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Jeffreyheslop9,   You ask an excellent question that all of us ( dinghy/small boat sailors ) should keep in the back of our minds. The responses are good and you should consider all of them as they apply to your particular sailing. My primary concern is getting cold. Even as a fairly good and relaxed swimmer, I find that cold water, as you have in your area, can quickly reduce your flexibility and strength in the water. Naturally you will ALWAYs wear a PFD. My suggestion for you to mull over is to always wear a wet suit, even on a relatively warm day. You may be a bit too warm from time to time but the wet suit will assure that even though you may feel cold in the water,  YOU WON'T DIE!  Happy Sailing

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3 minutes ago, xonk1 said:

Yes I have some wetsuits from when I  windsurfed. A thick one for the spring and fall and I have a shorty for the summer. I was definitely going to wear one in the ocean, lakes are quite warm here in the summer, but yes to the pfd

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5 hours ago, Jeffreyheslop9 said:

Wow thanks for your stories. I live in Victoria BC Canada where the water is not the warmest. While fixing up my enterprise I have been thinking about these kind of things and what might happen. 

I have sailed out there quite bit. Yes, you should wear a wetsuit - "not the warmest" is an understatement. If you fall out and the boat capsizes, the Enterprise won't drift too quickly, as it fills up. But on a sunny, light wind day with the boat well balanced going downwind as you are heading aft to pee over the transom, then tripping en route and launching yourself into the drink, the boat could sail off for quite a while without rounding up.  

 

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13 hours ago, Bill5 said:

Yes, you should wear a wetsuit (...)are heading aft to pee over the transom...

If you we wearing a wetsuit, you are not heading anywhere to pee over any transom. 

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1 hour ago, martin 'hoff said:

If you we wearing a wetsuit, you are not heading anywhere to pee over any transom. 

That’s what autobailers are for ;)

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1 hour ago, onepointfivethumbs said:

That’s what autobailers are for ;)

A shorty or john peels off easily...

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4 minutes ago, Bill5 said:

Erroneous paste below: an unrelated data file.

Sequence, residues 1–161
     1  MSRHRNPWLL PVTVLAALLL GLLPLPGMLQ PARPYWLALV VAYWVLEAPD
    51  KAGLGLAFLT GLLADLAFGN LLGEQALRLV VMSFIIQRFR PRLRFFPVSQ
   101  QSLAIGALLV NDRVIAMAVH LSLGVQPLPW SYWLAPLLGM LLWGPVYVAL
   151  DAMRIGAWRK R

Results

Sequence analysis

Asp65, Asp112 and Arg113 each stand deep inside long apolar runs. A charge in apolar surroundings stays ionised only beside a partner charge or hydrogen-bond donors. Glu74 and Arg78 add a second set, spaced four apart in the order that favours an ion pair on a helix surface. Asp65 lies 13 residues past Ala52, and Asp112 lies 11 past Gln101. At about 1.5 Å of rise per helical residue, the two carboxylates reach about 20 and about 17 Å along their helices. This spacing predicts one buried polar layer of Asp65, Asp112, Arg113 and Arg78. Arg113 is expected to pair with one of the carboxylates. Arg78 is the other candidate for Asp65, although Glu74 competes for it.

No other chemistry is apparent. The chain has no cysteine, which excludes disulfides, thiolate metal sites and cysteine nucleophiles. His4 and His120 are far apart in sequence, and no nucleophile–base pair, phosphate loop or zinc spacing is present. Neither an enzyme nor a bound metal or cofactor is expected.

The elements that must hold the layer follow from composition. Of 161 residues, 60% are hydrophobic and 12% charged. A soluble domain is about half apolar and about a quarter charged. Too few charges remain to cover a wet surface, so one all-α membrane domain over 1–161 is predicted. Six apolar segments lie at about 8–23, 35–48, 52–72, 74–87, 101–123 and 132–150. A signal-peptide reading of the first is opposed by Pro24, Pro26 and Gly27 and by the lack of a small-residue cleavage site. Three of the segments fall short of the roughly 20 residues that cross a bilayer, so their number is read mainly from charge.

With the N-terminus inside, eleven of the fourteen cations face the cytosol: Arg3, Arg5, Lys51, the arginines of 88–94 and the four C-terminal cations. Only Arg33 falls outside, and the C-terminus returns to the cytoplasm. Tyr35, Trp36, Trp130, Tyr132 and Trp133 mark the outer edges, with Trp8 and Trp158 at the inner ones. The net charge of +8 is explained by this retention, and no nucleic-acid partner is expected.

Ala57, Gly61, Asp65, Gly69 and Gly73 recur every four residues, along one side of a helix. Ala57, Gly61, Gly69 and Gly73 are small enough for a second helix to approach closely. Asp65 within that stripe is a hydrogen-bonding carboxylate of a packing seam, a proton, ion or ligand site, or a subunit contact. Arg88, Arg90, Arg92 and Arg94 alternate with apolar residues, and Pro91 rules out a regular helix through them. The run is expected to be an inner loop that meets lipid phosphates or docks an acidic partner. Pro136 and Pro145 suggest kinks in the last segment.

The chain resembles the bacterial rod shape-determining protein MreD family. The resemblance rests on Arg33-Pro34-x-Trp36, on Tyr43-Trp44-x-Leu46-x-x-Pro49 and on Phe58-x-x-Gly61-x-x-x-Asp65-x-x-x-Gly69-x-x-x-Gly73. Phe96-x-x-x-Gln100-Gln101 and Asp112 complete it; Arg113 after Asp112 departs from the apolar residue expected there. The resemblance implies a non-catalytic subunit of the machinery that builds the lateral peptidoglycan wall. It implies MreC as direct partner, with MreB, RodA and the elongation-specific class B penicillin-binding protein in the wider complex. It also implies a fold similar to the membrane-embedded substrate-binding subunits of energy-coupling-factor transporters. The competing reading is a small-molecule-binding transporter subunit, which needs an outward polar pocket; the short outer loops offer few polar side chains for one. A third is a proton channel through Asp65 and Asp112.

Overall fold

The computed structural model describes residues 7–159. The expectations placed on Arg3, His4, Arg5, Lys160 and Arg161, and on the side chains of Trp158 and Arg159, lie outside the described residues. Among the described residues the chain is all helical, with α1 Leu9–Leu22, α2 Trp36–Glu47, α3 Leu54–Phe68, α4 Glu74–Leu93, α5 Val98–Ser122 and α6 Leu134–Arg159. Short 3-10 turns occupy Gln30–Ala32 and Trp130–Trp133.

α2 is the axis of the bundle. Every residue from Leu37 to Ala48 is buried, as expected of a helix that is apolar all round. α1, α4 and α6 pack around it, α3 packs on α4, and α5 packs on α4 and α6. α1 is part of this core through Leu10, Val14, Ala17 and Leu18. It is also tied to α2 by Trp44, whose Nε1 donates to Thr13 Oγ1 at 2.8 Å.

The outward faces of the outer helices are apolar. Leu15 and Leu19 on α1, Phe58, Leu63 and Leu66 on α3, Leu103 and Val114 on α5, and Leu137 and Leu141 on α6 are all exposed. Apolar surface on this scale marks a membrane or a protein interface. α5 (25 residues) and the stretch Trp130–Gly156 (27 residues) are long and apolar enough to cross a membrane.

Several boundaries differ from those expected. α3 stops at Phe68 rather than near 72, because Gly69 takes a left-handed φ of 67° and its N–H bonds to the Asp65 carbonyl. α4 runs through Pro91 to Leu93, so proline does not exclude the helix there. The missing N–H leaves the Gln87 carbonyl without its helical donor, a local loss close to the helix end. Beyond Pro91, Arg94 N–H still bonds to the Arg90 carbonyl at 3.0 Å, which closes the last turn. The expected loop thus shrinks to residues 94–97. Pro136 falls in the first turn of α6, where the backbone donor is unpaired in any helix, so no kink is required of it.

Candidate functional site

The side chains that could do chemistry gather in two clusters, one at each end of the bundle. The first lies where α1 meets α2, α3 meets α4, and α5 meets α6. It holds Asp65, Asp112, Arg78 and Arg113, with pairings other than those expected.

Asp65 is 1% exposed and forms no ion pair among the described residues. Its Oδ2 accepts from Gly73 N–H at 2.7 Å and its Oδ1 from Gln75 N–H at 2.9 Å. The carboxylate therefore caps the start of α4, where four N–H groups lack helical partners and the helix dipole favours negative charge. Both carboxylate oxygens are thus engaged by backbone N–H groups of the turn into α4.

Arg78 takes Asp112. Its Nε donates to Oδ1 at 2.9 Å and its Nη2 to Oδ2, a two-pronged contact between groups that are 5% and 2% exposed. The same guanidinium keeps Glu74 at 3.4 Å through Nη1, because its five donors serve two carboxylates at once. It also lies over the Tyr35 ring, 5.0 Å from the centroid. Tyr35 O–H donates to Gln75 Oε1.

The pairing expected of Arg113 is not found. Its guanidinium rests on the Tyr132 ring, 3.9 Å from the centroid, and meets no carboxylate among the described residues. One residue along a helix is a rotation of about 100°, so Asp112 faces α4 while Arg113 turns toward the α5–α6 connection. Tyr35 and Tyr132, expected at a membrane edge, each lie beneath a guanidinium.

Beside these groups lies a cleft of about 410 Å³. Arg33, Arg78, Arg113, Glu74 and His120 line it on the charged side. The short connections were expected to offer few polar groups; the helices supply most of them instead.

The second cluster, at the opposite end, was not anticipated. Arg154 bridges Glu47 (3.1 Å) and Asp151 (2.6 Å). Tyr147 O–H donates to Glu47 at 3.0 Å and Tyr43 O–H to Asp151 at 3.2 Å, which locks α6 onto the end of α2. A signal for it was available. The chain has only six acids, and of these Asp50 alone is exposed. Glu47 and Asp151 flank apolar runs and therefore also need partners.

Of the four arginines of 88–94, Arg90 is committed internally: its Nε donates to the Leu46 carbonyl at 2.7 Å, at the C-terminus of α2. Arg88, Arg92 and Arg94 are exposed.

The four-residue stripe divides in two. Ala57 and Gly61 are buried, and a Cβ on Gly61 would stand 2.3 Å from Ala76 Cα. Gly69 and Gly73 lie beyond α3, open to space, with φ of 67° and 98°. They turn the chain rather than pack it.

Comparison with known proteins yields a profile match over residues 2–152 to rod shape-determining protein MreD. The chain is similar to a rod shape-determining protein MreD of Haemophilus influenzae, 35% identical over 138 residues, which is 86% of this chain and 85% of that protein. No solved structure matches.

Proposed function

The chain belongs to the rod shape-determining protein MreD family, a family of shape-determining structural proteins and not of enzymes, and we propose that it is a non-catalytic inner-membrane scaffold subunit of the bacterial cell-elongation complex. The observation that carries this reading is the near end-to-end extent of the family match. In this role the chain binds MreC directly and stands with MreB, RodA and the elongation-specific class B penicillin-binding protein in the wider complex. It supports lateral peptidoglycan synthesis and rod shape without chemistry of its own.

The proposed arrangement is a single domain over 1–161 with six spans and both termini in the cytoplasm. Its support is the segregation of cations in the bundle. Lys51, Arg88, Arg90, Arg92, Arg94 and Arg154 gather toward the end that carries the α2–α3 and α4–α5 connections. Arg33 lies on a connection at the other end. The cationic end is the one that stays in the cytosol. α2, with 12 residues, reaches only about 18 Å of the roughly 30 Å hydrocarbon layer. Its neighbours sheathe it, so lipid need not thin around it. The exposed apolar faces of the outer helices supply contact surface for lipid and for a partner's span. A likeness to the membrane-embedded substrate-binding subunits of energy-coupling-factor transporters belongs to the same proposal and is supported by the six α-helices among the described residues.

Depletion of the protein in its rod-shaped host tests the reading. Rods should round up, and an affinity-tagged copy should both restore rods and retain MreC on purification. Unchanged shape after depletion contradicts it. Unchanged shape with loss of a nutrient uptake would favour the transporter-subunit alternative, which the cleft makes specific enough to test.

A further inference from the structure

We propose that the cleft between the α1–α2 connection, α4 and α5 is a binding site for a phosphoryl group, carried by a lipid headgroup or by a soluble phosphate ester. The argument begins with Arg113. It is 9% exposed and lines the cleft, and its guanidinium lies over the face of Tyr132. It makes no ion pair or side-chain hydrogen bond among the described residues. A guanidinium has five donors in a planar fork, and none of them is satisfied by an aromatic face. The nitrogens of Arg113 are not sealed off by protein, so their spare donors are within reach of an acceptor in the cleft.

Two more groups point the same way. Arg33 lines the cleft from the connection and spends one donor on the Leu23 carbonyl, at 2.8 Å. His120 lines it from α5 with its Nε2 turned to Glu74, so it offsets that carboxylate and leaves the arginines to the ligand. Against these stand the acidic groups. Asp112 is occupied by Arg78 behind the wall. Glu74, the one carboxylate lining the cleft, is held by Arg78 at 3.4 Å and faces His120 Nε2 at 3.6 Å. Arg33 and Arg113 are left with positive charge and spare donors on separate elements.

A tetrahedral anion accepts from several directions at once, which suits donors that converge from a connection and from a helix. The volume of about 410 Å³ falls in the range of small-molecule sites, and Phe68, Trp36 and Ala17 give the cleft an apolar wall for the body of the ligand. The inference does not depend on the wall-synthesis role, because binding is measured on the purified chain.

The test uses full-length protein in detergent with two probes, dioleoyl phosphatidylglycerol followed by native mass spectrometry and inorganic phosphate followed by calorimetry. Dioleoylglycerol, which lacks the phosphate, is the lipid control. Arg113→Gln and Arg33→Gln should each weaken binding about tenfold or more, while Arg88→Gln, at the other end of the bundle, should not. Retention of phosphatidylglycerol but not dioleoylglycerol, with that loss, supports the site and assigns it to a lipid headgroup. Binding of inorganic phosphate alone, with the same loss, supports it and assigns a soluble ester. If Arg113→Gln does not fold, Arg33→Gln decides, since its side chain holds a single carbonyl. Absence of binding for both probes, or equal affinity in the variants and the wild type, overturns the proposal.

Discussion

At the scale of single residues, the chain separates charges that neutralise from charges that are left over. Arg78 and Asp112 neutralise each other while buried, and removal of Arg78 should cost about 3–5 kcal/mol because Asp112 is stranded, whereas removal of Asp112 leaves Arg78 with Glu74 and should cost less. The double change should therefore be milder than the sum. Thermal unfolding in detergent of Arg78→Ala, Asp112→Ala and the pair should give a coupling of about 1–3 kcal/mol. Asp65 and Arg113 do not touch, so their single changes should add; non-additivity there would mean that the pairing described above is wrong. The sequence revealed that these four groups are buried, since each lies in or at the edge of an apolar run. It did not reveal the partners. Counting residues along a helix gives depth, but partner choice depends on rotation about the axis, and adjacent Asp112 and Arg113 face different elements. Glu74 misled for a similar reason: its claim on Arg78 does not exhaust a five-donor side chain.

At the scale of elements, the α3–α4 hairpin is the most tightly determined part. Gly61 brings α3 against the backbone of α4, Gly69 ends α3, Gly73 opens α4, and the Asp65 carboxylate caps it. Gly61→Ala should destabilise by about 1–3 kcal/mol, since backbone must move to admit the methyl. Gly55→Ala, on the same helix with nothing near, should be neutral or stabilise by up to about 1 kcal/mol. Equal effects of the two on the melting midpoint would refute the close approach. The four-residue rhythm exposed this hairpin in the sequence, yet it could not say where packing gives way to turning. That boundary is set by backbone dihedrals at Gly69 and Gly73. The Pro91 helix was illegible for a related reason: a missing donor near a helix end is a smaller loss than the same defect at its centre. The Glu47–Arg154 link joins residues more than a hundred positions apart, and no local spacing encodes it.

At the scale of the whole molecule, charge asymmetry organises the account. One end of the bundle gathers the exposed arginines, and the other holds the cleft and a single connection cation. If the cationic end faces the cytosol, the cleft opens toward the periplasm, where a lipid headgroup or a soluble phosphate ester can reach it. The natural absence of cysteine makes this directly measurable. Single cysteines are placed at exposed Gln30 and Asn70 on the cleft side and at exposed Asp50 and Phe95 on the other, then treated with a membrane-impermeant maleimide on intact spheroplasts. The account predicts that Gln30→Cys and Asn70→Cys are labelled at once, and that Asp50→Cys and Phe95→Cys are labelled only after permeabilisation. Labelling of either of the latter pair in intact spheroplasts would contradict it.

A shorty or john peels off easily...

and lose precious potential warmth? pshaw.

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Just make sure the sail isn't cleated and most dingys will do as described above.  If you cleat the sail I have seen boats sail away from their owners.  

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39 minutes ago, onepointfivethumbs said:

and lose precious potential warmth? pshaw.

It is AMAZING how much heat recovery you can accomplish under 3 mm of neoprene!

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1 hour ago, onepointfivethumbs said:

and lose precious potential warmth? pshaw.

You missed the part where I referred to a sunny day. These are the days where one is tempted to pshaw the wetsuit. I should have said sunny and warm.

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Dinghies--the lighter and faster, the less likely to sail away. Light winds in a big stable boat could sail away with sheets cleated.

Catamaran---in wind, will go FAR AWAY fast due to sail area of trampoline. I watched one get over a half a mile from her 2 person crew during a 40 knot squall!

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Only had something like this happen to me once.  I was learning to sail a Laser in my college sailing club, really the first time by myself in a decent breeze.  I don't recall the exact details, but I know the boat was far enough away to alarm this noob sailor. Fortunately the "lake" where we kept our boats (power plant cooling pond) was only ~0.2 mi across.

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V15  turtles easily.  Problem arises in shallow muddy water.

Capsize with mast to leeward, wind pushes boat over the mast, mast finds bottom and is driven home by the weight of boat, mast and wind pressure on the hull.  Then support boats are needed to pull the mud covered sail out of the muck.  When you right the boat, you and your crew get a nice mud shower.